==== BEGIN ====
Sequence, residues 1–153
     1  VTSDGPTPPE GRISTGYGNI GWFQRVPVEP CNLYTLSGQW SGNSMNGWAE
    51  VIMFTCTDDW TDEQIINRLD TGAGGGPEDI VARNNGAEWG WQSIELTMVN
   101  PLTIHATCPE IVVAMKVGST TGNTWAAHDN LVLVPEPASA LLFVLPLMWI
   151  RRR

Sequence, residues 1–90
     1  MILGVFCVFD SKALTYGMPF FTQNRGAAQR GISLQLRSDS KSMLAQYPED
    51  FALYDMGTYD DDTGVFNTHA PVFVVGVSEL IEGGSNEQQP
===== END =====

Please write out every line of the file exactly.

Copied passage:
Sequence, residues 1–153
     1  VTSDGPTPPE GRISTGYGNI GWFQRVPVEP CNLYTLSGQW SGNSMNGWAE
    51  VIMFTCTDDW TDEQIINRLD TGAGGGPEDI VARNNGAEWG WQSIELTMVN
   101  PLTIHATCPE IVVAMKVGST TGNTWAAHDN LVLVPEPASA LLFVLPLMWI
   151  RRR

Sequence, residues 1–90
     1  MILGVFCVFD SKALTYGMPF FTQNRGAAQR GISLQLRSDS KSMLAQYPED
    51  FALYDMGTYD DDTGVFNTHA PVFVVGVSEL IEGGSNEQQP